KPMG UK staff will only work in office two days a week after pandemic

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Accounting and consulting group KPMG has told its 16,000 UK employees they are only expected to work an average of two days in the office each week starting next month, as the company revealed plans for a hybrid working model post-pandemic.

Under the new initiative, which the company has called the “four-day fortnight,” staff will spend the remaining days working from home or at customer sites.

In addition, over the summer, staff will also be given an additional 2.5 hours off each week “to give people time away from work and recharge their batteries.”

All staff will be given an additional day off on June 21, when the government plans to end all social distancing restrictions – which many see as the end of the pandemic.

KPMG’s new working arrangements were unveiled as Google said it expected 20% of its staff to work from home permanently in the future. The search engine group said it expects 60% of employees will work in offices, 20% will work in new offices and 20% will stay at home.

These proposals contrast sharply with the approach taken by investment bank Goldman Sachs. On Tuesday, Goldman took the opposite direction, telling its US and UK bankers to prepare to return to its offices next month.

Jon Holt, Managing Director of KPMG UK, said: “We trust our people. Our new way of working will empower them and allow them to design their own work week. The pandemic has proven that it’s not about where you work, it’s about how you work. “

The company, from which UK President Bill Michael resigned in February after telling staff to ‘stop complaining’ about the pandemic, is also investing £ 44million this year to turn its offices into ‘collaborative spaces and invest in new home working technologies. for staff ”.

David Solomon, the managing director of Goldman Sachs, who described working from home as an “aberration”, told British workers to plan their return from June 21. U.S. staff will begin a return to the office starting June 14.

In other parts of the world where the pandemic is under control, such as Asia-Pacific, most Goldman Sachs employees are already back in their desks.

“We know from experience that our culture of collaboration, innovation and learning thrives when our people come together,” said Solomon, in a memo also signed by Chairman John Waldron and CFO Stephen Scherr.

“We look forward to more of our colleagues returning to the office so that they can experience it again on a regular basis.”

While the memo added that staff wishing to continue working from home should discuss this with their manager, such requests from the bank’s 6,000 employees in London are unlikely to be well received.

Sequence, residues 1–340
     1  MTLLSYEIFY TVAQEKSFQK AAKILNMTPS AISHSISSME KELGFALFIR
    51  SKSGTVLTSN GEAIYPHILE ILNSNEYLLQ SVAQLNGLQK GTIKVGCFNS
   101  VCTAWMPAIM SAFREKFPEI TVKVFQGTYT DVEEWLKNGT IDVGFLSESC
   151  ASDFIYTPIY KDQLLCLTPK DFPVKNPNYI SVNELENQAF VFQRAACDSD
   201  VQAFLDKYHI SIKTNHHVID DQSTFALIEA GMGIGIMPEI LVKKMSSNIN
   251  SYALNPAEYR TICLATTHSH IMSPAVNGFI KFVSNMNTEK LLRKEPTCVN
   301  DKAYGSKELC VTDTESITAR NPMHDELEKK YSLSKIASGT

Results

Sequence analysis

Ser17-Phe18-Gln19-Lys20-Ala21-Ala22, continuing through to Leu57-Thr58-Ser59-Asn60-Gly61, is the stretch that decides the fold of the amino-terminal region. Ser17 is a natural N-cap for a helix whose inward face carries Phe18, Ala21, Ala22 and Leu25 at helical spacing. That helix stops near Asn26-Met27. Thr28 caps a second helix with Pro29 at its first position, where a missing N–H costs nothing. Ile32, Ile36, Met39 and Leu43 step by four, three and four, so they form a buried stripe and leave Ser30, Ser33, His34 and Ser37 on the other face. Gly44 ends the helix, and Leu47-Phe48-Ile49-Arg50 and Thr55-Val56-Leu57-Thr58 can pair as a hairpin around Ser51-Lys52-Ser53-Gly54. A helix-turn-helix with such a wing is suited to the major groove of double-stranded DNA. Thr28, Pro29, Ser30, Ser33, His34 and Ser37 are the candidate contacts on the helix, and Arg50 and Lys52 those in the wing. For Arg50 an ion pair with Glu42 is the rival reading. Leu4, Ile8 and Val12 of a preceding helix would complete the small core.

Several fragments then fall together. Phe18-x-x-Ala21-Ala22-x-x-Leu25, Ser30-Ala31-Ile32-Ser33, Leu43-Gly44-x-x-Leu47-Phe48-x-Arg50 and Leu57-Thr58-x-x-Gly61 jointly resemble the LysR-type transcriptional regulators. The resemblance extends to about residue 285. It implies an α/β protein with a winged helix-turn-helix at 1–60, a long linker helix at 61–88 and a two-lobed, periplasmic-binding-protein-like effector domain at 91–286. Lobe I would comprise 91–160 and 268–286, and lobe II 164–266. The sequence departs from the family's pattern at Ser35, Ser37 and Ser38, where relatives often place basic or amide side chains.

In February, Solomon said the bank needed to “correct” the practice of working from home “as soon as possible”, promising it would not become “a new normal.”

Goldman’s working conditions came under scrutiny during the pandemic after junior U.S. analysts wrote a report claiming they were subjected to 100-hour work weeks.

Last week, rival JPMorgan Chase told all of its U.S. bankers that they should prepare to return to work on a “consistent rotation schedule” by early July, in line with the lifting of pandemic restrictions in many American cities such as the main financial center of New York. .

CEO Jamie Dimon’s memo added with a bit of condescension that staff who have forgotten how an office works can start acclimating to a work environment again starting May 17.

However, Dimon also said that the largest bank in the United States is planning to “drastically” reduce its office space. “For 100 employees, we might need seats for just 60 on average,” he said.

Financial services companies are taking a variety of approaches to working in an office in a post-pandemic world.

HSBC, the UK’s largest bank, is moving to a hybrid model and plans to reduce its property footprint by up to 40% in the long term, and Lloyds Banking Group, the UK’s largest bank, said that ‘she would. bring home work as a permanent change in lifestyle, which allows it to reduce its office space by 20%.

In March, Nationwide, the UK’s largest construction company, said its 13,000 non-branch employees would be allowed to work wherever they wanted.

Jes Staley, the boss of Barclays, who hopes to keep a significant number of traders in Canary Wharf in the future, has previously said working from home was “not sustainable” for large financial institutions.

Staff at its corporate and investment banking operations in London and New York are expected to return to work from mid-June.

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